How you can help
Cecropia Strong's Five Funded Programs
1. Amy’s Gifts of Hope
Each month we take gifts down to the patients at Spaulding Rehab Hospital in Boston. The hospital floor names note the seriousness of the patients’ troubles: Brain Injury, Stroke, Spinal Cord Injury, Burns, Amputations, and the children’s floor (which has all of the aforementioned plus congenital problems). Our recent collaboration with Harbor Sweets of Salem, MA (chocolatiers extraordinaire) is bringing lots of smiles at the hospital!
2. Intercollegiate assistive Technology Hackathons
We founded and have sponsored the Tufts Assistive Technology Hackathon for our second year! (Assistive Technology aids folks with disabilities to do something they otherwise can’t do on their own.) Next year we’re increasing the number of universities that offer assistive technology hackathons and we’re going to found an Assistive Technology Conference for students of any university and clients to share what’s been learned!
3. Driver Rehab Grants
One of the most daunting challenges for a stroke survivor with hemiparesis (weakness or the inability to move half your body) is resuming driving. One of the huge obstacles is the expensive cost. (No insurance covers this.) All told, the process of getting back to driving will cost $5,000 or more. This grant will give $500 to stroke survivors, found to be in need, in conjunction with the Central Mass Safety Council’s grant of $500 to aid the adaptive equipment training and driver rehabilitation.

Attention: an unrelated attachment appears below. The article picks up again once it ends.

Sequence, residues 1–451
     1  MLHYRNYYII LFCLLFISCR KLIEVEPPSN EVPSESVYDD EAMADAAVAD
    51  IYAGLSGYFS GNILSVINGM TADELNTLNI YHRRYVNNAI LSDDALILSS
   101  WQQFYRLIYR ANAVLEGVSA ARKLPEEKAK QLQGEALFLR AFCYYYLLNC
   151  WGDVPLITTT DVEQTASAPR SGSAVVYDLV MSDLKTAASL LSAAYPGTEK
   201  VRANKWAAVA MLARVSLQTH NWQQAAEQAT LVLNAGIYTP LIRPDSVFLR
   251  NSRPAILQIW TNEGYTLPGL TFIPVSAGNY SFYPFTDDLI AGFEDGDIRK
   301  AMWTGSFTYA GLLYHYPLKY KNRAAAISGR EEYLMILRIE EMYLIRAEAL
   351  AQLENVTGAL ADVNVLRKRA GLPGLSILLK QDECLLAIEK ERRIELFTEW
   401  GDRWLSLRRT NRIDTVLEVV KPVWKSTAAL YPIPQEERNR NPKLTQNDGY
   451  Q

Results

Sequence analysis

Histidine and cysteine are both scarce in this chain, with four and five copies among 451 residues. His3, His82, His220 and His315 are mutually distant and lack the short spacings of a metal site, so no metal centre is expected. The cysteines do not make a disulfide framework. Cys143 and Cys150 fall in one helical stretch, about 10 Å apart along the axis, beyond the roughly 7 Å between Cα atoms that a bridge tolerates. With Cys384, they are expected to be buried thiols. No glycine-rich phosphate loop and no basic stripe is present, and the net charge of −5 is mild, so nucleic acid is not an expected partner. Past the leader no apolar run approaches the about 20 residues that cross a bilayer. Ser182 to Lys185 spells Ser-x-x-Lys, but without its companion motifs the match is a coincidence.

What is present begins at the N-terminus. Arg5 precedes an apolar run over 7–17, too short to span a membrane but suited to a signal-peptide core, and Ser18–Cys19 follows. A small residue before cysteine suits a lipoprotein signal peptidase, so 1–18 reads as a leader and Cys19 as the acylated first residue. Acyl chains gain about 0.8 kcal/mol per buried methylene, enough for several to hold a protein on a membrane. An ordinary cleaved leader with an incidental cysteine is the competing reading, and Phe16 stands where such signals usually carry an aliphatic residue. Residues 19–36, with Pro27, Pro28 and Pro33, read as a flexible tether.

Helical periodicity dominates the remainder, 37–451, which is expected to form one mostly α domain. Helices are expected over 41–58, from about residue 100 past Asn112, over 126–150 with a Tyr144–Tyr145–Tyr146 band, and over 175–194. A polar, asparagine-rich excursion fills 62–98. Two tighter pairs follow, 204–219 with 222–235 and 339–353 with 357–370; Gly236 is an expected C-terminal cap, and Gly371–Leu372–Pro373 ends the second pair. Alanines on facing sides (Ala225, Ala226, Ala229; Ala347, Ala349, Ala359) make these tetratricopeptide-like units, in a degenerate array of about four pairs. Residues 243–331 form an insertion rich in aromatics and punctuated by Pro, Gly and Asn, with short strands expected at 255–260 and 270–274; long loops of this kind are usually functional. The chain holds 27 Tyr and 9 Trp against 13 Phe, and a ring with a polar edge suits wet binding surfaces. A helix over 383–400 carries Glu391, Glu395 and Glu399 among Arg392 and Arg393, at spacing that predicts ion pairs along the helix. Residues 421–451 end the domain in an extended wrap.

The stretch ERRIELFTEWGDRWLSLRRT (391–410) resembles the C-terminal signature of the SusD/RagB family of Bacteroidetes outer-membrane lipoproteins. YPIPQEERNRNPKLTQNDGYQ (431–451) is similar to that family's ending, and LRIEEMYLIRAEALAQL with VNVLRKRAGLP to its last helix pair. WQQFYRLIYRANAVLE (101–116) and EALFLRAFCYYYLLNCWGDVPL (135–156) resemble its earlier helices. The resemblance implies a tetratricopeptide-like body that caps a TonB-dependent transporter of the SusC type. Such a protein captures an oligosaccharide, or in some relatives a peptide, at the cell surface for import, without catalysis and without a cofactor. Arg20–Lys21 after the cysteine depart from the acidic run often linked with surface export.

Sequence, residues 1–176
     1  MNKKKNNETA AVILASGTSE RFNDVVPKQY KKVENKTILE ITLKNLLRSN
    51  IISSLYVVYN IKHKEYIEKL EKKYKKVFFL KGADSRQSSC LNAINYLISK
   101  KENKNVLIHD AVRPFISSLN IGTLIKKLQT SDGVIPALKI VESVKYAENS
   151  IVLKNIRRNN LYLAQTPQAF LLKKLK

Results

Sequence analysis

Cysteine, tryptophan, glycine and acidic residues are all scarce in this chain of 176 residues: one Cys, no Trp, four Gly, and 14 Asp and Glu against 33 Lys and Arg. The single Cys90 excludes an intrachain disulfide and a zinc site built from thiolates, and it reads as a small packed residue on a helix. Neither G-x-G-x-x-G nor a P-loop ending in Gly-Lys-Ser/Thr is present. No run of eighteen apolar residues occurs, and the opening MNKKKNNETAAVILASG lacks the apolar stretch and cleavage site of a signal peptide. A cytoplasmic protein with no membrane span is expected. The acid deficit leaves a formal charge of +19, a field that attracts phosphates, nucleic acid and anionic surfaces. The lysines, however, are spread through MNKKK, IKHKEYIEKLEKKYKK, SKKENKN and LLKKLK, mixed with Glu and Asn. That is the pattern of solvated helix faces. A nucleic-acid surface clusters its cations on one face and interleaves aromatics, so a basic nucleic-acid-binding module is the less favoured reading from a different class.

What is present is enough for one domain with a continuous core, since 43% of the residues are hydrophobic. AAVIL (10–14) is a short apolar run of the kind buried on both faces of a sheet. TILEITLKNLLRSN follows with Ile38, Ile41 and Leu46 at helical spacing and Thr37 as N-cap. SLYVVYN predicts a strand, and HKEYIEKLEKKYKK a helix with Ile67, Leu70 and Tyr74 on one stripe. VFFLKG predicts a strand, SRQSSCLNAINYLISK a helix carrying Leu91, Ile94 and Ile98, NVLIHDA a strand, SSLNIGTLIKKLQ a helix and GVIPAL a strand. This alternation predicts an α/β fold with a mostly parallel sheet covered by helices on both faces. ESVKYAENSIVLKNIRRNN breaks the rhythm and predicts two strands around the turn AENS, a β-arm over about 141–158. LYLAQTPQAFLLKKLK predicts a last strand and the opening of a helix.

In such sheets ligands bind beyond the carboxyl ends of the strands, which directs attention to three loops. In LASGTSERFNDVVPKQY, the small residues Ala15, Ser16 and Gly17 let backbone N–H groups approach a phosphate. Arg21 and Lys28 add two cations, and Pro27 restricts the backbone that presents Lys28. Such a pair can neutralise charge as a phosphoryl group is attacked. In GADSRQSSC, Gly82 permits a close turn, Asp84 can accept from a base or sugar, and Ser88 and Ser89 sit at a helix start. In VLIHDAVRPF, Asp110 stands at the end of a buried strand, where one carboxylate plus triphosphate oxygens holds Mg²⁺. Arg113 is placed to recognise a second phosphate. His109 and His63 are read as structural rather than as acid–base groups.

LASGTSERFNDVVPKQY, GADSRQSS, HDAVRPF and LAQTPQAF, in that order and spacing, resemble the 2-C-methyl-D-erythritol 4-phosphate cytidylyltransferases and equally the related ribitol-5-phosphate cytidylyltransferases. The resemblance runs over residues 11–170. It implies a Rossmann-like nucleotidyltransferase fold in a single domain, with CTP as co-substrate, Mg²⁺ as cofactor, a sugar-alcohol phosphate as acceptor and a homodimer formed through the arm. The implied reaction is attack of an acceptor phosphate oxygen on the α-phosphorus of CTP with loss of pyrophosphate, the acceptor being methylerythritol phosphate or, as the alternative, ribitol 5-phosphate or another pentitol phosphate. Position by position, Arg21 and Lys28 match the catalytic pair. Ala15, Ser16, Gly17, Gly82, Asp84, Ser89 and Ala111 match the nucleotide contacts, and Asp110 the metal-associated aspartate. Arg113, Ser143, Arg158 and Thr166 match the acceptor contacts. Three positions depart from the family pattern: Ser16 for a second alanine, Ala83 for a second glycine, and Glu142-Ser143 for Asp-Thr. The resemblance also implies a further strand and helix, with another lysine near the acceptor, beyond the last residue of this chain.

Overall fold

4. The Phillips Family Aphasia Program Grants
Aphasia is an impairment of processing language caused by brain injury (most commonly stroke) and is one of the most debilitating conditions in stroke survivors. Spaulding Rehab Hospital and MGH’s Institute of Health Professions offer an intensive five-week program each fall to treat aphasia. These grants provide half of the cost ($1,500) of attending each year.
5. Therapeutic Riding Grants
Therapeutic riding is recreational horseback riding lessons adapted to individuals with disabilities. These individuals could have autism, cerebral palsy, multiple sclerosis, traumatic brain injury, or any other debilitating challenge. Windrush Farm (North Andover, MA) delivers this training with love and care—for their horses and for their clients.
This grant will will allow those riders with disabilities, found to be in need, to take the spring or fall programs with a significant reduction in the program’s cost. Read Our Blog post, “Ride On!” to learn more.